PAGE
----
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Aviation: Regulatory Framework

Volume 718: debated on Tuesday 30 March 2010

Question

Tabled by

To ask Her Majesty’s Government whether the consultation on proposals to update the regulatory framework for aviation complies with the criteria set out by the Better Regulation Executive.

My Lords, I beg leave to ask the Question standing in my name on the Order Paper and declare an interest as a director of the Light Aviation Association and vice-president of the General Aviation Alliance, both of which are non-paid.

My Lords, this consultation has been conducted in accordance with Better Regulation Executive criteria. A wide range of stakeholders have been consulted over a 14-week period, targeting those likely to be most affected by proposals. These include events in Scotland and Northern Ireland, and with consumer and general aviation bodies.

My Lords, I thank the noble Lord for his reply. This consultation on the implementation of Sir Joseph Pilling’s views on the strategic review of the CAA 2008 will result in major changes to the mandate of the CAA by including consumer interests, as well as its existing role of safety regulator. Why was there no consultation on Pilling’s major changes with Better Regulation Executive guidelines? The Government, by sleight of hand here, have moved on to the implementation stage without consulting on the major changes they intend.

My Lords, it is entirely open to those responding to the consultation to offer any views they wish on the strategic issues as well as implementation issues. The consultation ran for 14 weeks. It was extended by a week for consultees unable to meet the original deadline and the responses suggest that the general aviation sector, which the noble Lord represents, has been able to respond. Of the 132 responses received, 57 are from the general aviation sector.

Does the noble Lord consider that the remit of the CAA sufficiently covers the general aviation sector? With the railways, there is a specific person responsible for dealing with the more peripheral aspects of the industry, if I might call it that. The CAA remit needs to be broadened to ensure that it includes an important sector like general aviation.

My Lords, those are views that can be expressed in the consultation, and we will take full account of them when we respond.

What is the usual length of time between the feasibility study or consultation and the laying of a regulation? Is the Secretary of State aware that in some respects the Department for Transport seems to allow years to elapse before it comes through with a regulation change?

My Lords, I cannot give the noble Baroness that information, but the consultation ended only on 18 March so it will be some time before we are able to respond and draw up appropriate regulations.

My Lords, does the Secretary of State agree that the proposition that the Civil Aviation Authority should in future be responsible for the conflicting interests of the consumers on the one hand and of the providers on the other is fundamentally flawed and must be reconsidered?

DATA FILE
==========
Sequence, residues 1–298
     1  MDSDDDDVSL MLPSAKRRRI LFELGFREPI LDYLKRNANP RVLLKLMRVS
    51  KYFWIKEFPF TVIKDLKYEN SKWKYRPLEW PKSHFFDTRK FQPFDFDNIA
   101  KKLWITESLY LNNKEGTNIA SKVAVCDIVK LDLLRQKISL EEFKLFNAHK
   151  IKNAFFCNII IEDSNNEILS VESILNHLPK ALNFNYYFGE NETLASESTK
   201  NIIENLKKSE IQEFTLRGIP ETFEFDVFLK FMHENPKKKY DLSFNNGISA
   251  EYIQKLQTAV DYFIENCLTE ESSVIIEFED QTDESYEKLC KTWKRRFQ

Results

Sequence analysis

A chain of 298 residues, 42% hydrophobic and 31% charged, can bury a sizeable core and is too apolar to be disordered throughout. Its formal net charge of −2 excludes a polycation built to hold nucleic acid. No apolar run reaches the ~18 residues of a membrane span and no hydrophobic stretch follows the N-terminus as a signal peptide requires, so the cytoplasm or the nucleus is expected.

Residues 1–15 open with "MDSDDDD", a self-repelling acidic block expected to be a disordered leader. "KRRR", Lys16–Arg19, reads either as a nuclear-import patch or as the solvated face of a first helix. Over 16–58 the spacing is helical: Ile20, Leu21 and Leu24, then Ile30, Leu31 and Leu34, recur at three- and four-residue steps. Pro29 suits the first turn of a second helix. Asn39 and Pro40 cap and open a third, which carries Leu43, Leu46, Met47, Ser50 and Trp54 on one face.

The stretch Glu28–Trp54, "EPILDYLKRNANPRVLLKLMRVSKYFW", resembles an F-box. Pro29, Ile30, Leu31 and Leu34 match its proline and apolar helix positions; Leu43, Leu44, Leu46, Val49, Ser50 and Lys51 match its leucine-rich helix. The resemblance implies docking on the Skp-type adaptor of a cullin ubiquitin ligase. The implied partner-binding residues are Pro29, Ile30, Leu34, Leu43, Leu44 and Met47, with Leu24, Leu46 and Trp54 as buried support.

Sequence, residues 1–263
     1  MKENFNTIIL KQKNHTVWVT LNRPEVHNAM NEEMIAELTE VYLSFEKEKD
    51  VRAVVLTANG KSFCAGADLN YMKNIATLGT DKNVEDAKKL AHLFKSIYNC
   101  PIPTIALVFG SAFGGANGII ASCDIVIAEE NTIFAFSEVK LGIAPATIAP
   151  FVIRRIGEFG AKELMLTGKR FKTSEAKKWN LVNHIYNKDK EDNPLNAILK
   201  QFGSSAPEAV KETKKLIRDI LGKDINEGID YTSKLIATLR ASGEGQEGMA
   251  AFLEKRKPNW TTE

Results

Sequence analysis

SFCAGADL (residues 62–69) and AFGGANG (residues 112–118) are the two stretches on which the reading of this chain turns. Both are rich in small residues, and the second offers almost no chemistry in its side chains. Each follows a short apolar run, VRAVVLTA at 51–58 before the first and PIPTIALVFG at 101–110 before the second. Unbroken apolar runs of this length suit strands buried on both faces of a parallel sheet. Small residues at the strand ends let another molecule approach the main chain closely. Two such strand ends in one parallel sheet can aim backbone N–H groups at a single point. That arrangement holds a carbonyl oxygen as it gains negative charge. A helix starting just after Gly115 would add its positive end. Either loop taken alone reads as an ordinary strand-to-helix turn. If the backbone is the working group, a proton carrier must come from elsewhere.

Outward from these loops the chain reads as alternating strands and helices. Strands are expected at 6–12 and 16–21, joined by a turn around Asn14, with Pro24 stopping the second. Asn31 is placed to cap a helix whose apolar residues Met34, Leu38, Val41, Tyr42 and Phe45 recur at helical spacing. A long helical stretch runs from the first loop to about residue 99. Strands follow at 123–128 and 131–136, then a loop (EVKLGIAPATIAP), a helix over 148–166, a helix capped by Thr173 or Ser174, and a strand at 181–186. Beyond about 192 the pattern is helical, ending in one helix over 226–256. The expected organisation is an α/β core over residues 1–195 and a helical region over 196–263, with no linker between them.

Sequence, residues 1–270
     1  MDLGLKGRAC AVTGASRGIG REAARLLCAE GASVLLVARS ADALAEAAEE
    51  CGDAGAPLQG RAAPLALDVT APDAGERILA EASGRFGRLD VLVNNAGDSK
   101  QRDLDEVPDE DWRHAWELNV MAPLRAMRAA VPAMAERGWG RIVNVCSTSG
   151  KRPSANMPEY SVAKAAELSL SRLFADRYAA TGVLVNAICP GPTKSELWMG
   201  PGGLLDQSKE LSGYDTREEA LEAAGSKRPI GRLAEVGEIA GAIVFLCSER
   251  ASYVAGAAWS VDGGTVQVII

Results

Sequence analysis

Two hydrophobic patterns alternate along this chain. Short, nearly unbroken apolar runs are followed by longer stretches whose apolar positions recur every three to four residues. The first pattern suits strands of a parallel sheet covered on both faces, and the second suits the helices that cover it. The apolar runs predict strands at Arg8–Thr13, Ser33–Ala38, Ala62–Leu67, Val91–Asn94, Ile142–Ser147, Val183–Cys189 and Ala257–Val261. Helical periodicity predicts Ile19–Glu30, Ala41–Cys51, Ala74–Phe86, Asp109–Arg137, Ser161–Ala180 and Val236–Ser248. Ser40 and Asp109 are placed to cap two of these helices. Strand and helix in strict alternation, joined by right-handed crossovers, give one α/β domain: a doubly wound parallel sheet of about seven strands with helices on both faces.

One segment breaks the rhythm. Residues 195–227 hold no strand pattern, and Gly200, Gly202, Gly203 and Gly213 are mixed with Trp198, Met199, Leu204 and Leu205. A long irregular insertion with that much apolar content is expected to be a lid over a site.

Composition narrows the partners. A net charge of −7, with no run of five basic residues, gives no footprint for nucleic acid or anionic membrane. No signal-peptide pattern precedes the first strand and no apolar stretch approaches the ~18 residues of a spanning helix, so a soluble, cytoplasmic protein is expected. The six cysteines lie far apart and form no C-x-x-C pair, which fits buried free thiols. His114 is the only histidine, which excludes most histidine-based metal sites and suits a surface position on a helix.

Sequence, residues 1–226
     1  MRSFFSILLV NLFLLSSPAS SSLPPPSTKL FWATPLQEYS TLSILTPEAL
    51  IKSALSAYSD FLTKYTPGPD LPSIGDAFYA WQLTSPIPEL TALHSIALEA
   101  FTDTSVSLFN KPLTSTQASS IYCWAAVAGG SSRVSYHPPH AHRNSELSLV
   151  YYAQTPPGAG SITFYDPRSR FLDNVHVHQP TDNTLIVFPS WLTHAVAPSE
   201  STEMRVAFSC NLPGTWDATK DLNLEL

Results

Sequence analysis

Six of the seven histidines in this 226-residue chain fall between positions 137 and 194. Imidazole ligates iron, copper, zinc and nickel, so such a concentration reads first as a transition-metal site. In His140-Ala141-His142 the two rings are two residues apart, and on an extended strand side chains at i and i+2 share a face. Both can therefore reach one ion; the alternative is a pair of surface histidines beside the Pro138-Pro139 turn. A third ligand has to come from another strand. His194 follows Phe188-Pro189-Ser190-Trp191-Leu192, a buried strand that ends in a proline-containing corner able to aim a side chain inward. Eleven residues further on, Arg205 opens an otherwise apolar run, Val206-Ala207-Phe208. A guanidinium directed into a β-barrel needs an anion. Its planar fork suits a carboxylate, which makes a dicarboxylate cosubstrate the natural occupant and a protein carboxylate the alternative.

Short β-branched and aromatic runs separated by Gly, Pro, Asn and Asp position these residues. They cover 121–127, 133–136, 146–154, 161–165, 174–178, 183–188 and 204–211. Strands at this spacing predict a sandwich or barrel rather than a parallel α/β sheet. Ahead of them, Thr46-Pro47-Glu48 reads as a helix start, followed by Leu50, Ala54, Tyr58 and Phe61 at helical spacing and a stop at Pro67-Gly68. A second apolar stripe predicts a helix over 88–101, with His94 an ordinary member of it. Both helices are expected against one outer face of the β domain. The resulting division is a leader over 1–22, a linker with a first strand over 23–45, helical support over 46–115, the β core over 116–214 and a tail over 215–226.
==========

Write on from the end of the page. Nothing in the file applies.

My Lords, those responding to the consultation can express that view. However, I should make clear that in his report Sir Joseph Pilling concluded that the CAA was a highly successful organisation, but, as he says,

“its framework and approach could arguably be modernised and improved, taking account of the lessons to be learned from relative newcomers in the regulatory field”.

If the noble Lord has concerns about the extensive analysis which Sir Joseph Pilling conducted in his review, I would be happy to hear them.

My Lords, I declare an interest of sorts as a humble private pilot. Will the Secretary of State take full account of the views of general aviation in considering the responses to the Pilling proposals? General aviation is a very important part of the overall aviation sector. It is the framework from which new pilots come in to the industry. It is very important that the regulator of that field focuses on safety as its primary consideration and that the focus of the authority is not lost within a wider remit.

I can give the noble Viscount the assurance that he seeks. I can also tell him that, when the consultation document was published, it was sent to 11 general aviation representative organisations which were identified as those most likely to be affected by the proposals. However, at their suggestion, we have since forwarded the consultation to 29 other general aviation organisations and, as I say, we extended the consultation period to give them greater time to respond. They have been fully engaged in the consultation. As I said in response to an earlier question, a very large number of general aviation organisations and individuals have responded and we will take full account of their views.